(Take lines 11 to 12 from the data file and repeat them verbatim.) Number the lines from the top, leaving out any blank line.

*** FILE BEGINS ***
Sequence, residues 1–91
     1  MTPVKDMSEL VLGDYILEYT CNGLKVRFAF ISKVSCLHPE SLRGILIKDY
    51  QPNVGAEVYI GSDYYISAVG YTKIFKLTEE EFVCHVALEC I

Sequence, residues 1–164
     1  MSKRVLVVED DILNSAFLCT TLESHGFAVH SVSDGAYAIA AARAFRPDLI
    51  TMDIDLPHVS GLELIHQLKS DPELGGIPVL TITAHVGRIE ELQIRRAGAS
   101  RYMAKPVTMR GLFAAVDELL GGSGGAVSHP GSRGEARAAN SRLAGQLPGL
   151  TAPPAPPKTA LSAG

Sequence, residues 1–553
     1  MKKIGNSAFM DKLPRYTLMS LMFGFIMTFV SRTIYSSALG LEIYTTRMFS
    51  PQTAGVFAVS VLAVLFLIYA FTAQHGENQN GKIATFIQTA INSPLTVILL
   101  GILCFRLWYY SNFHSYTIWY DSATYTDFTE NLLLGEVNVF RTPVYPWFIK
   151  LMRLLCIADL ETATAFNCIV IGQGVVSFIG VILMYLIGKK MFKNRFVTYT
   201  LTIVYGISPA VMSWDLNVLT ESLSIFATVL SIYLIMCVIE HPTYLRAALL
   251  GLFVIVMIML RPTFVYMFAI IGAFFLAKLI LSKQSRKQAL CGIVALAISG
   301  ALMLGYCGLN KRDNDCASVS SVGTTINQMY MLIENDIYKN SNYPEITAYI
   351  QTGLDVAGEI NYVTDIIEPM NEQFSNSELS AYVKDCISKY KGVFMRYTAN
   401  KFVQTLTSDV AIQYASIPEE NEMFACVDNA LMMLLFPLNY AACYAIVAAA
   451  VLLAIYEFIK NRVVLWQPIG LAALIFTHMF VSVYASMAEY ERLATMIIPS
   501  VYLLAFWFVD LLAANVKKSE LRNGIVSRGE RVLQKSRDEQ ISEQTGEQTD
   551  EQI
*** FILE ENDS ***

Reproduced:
    51  PQTAGVFAVS VLAVLFLIYA FTAQHGENQN GKIATFIQTA INSPLTVILL
   101  GILCFRLWYY SNFHSYTIWY DSATYTDFTE NLLLGEVNVF RTPVYPWFIK